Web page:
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October 26, 1935|
|Batted: Right||Threw: Right|
|1959 for the Tecolotes de Nuevo Laredo|
|Last professional appearance|
|September 29, 1970|
|Runs batted in||1,273|
|Career highlights and awards|
Roberto Francisco Ávila González (April 2, 1924 – October 26, 2004) was a Major League Baseball second baseman and right-handed batter who played for the Cleveland Indians (1949–58), Baltimore Orioles (1959), Boston Red Sox (1959), Milwaukee Braves (1959) and Tigres del México (1960). Born in Veracruz, Veracruz, Mexico, he had a medium frame at 5' 10" and 175 lb. He was better known in his homeland and other Latin American countries as "Beto" and in the majors as "Bobby".
Ronnie Camacho broke into pro baseball with the St. Louis Cardinals farm system in 1953. In '54, he hit 16 home runs for the Fresno Cardinals of the California League, pretty good for an 18-year old second baseman. He kept bouncing around the system the next year, playing ball in leagues classified C, B and A (two different A leagues). Not finding room for the young slugging infielder, the Cards let him go to his native Mexico to join the Mexican League. In 1956 he played for the New Laredo Owls but was unimpressive - .231/~.319/.331. In '57, he split the year between the South Atlantic League and the Mexican League, hitting .305 in his short time in the Liga. He would never get a chance again in the U.S.
In 1958 Camacho began to emerge as a star in Mexico. Still just 22, he cranked out 20 homers and drove in 80, slugging .479. He fell to .229 the next season but hit another 23 long balls, sixth in the Liga.
In 1960 Camacho moved to first base upon joining the new Puebla Parrots (New Laredo ceased play after '59 - the team may have transferred - I'm unclear on this point). His homer total fell to 10 but he hit .290 and drew 72 walks. After playing for Veracruz and Mexico City in '61, he returned to Puebla for the rest of the 1960s, where he formed a two-Camacho homer duo with Moises Camacho.
1962 was Camacho's first big year, as he led the Liga in homers (25). He hit .290/~.407/.529 that year, the first season he topped a .500 slugging - he would reach the level in 4 of the next 5 seasons. In '63, Camacho repeated as a home run king (39) and also led in runs (108) and RBIs (108) in his greatest power-hitting season. He hit .289/~.407/.584. That year Puebla won their only title, thanks in large part due to Camacho's bat. In '64, he slipped to .278 with an OBP around .391 and a slugging of .536. He hit another 35 homers and drove in 114 runners, third in both stats behind Héctor Espino and Bobby Prescott. In 1965 Camacho drew 103 walks to lead the league (none intentionally - he usually averaged about 10 IBB at this time) and hit 25 homers - .264/~.394/.471.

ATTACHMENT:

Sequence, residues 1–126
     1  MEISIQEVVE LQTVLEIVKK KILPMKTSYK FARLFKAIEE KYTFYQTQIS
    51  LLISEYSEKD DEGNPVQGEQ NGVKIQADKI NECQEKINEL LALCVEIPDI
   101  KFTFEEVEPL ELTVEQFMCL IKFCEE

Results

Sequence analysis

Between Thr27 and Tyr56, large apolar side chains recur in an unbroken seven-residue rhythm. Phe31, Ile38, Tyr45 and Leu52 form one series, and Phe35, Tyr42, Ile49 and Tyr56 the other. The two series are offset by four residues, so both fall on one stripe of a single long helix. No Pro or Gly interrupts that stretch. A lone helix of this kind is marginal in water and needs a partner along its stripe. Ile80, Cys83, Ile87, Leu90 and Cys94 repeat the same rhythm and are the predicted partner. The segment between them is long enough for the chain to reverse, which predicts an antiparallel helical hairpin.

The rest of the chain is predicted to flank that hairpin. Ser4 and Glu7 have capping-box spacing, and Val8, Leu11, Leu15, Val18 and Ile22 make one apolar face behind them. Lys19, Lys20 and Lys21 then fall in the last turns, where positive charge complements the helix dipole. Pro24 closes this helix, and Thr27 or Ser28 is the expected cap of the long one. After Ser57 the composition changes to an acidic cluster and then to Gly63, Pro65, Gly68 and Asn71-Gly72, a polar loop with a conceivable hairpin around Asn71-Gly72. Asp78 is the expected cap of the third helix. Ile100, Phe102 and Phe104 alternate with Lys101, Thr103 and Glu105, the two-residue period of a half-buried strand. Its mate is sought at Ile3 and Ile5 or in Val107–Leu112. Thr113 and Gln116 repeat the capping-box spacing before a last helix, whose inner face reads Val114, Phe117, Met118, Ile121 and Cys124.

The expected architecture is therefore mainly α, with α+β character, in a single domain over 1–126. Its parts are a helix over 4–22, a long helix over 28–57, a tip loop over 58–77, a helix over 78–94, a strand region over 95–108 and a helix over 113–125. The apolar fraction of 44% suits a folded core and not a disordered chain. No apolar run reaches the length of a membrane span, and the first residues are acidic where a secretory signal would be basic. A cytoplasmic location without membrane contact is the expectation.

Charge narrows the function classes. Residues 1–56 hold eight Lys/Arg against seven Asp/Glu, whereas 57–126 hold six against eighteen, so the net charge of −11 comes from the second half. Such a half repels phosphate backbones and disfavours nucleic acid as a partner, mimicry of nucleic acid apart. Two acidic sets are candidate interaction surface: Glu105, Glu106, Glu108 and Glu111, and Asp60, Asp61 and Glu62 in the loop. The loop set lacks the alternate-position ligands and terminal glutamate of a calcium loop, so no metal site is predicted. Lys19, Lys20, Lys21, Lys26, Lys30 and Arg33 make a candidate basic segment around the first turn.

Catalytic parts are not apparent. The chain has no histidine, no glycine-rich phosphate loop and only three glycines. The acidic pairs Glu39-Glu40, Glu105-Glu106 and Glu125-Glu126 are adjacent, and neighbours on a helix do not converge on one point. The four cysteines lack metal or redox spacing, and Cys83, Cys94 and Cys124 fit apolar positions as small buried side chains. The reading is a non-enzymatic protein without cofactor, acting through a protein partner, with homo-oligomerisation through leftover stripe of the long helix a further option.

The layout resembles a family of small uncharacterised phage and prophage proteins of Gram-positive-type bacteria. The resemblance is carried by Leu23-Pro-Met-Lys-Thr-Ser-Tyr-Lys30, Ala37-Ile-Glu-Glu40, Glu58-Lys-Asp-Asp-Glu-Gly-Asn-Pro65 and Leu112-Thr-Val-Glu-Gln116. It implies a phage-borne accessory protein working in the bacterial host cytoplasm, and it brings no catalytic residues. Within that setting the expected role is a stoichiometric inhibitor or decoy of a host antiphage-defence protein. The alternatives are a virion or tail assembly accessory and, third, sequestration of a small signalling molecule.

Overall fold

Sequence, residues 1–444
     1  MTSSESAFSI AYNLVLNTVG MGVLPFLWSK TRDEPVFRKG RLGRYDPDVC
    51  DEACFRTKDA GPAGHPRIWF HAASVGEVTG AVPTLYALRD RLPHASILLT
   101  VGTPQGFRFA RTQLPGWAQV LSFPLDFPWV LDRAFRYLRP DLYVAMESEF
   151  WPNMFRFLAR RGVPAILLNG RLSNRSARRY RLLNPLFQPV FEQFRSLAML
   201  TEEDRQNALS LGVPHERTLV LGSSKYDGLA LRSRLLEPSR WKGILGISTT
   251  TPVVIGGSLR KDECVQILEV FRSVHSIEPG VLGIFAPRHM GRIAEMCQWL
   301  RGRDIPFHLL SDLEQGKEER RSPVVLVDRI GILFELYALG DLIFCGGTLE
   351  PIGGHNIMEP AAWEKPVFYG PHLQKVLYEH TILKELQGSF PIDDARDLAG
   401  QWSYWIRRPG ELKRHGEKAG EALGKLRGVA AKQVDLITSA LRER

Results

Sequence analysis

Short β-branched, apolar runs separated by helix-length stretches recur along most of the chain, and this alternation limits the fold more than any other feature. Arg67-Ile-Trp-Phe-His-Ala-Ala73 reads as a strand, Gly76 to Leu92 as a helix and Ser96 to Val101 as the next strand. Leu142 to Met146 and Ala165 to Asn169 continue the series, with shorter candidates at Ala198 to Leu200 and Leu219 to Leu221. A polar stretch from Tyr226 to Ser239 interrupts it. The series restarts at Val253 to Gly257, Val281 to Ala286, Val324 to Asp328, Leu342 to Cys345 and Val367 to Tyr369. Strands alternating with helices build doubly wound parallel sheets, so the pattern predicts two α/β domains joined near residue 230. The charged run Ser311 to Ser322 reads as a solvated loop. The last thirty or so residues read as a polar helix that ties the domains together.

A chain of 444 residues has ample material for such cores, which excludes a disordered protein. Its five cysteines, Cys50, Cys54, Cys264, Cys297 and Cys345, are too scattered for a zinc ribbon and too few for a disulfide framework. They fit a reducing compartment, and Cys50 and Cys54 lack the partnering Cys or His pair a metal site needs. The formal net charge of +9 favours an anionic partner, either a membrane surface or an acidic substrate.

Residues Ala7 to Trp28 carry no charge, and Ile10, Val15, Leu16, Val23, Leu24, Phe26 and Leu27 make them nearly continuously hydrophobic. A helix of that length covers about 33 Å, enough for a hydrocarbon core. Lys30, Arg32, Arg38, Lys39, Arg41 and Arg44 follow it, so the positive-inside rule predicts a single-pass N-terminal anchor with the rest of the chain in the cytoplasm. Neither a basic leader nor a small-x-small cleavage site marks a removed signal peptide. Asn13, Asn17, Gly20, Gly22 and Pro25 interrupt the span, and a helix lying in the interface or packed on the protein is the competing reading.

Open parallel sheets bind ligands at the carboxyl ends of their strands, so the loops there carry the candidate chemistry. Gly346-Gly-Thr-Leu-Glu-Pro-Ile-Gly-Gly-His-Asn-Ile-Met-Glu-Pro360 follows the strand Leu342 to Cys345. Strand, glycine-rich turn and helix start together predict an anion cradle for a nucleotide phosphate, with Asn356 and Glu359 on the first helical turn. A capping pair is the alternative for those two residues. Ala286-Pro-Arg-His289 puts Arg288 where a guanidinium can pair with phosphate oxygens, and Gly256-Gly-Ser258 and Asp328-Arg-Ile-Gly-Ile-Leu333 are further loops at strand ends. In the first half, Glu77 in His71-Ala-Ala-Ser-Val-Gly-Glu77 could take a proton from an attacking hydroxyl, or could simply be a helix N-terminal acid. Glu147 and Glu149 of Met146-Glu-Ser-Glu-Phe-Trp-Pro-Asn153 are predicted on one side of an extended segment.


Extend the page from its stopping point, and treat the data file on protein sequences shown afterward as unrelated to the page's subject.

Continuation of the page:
In '66, Camacho kept up his fine hitting. The 30-year old hit his 230th career home run, breaking Angel Castro's Liga record. He had his first .300 season (.314, a career high), posted a .455 OBP (third behind Espino and Ellie Hendricks), a .589 slugging (third behind Espino and Prescott), scored a career-high and league-best 109 runs, drove in 114 (8 behind Prescott), hit 30 homers (third) and walked a career-high 120 times (tops in the league). It was probably his best all-around season. In '67, he slipped to .289/~.417/.501 with 20 HR and 96 walks. In '68, his power vanished as he only hit 9 homers, though he still drew 94 walks. In 1969 he had his last great season. In his final year for Puebla, he batted .303/~.419/.493 with 24 HR, a career-high 116 RBIs and 98 walks. He led the league in RBIs for the second time that year, giving him two run titles, two RBI titles, two walk titles and two RBI titles for the 1960s.
Camacho slipped to .241 with 15 HR and 73 BB for the Yucatán Lions in 1970 then played for three teams in the next five years, never hitting more than 5 homers as he faded away.
In the Mexican League, Camacho had hit .272/~.396/.460 with 317 HR and 1,273 RBIs. Through 2000 and despite spending his first few years in the US, Camacho ranked 11th in the Liga in career games (2,204), 8th in runs (1,190), 7th in RBIs (1,273), 5th in homers (317, at that point behind only Espino, Nelson Barrera, Andrés Mora and Alejandro Ortiz), 1st in walks (1,411, a record he still holds) and 8th with 3,227 total bases.
Camacho managed 6 Mexican League teams in the 1970s and also was the skipper of two Mexican Pacific League pennant-winners ('66-'67 and '73-'74). He won one batting title in the LMP and hit .259 with 139 homers there.
In 1983 Camacho was elected into the Salon de la Fama.
Sources: "The Mexican League: Comprehensive Player Statistics" by Pedro Treto Cisneros, Viva Beisbol! newsletter by Bruce Baskin, Jamie Marshall
Year-by-Year Managerial Record
|1971||Broncos de Reynosa||Mexican League||47-100||12th|
|1972||Broncos de Reynosa||Mexican League||--||--||replaced by Jorge Fitch|
|1973||Rojos del Aguila de Veracruz||Mexican League||7th||Lost in 2nd round||replaced Mario Ariosa|
|1974||Tigres de México||Mexican League||15th||replaced Jose Luis Garcia|
|1975||Rieleros de Aguascalientes||Mexican League||51-85||16th|
|1976||Alijadores de Tampico||Mexican League||8th||replaced Benny Valenzuela|
|1977||Tigres de México||Mexican League||11th||replaced Jose Luis Garcia|
|1978||Dorados de Chihuahua||Mexican League||60-89||15th|
|1979||Rojos del Aguila de Veracruz||Mexican League||--||--||replaced by Miguel Sotelo|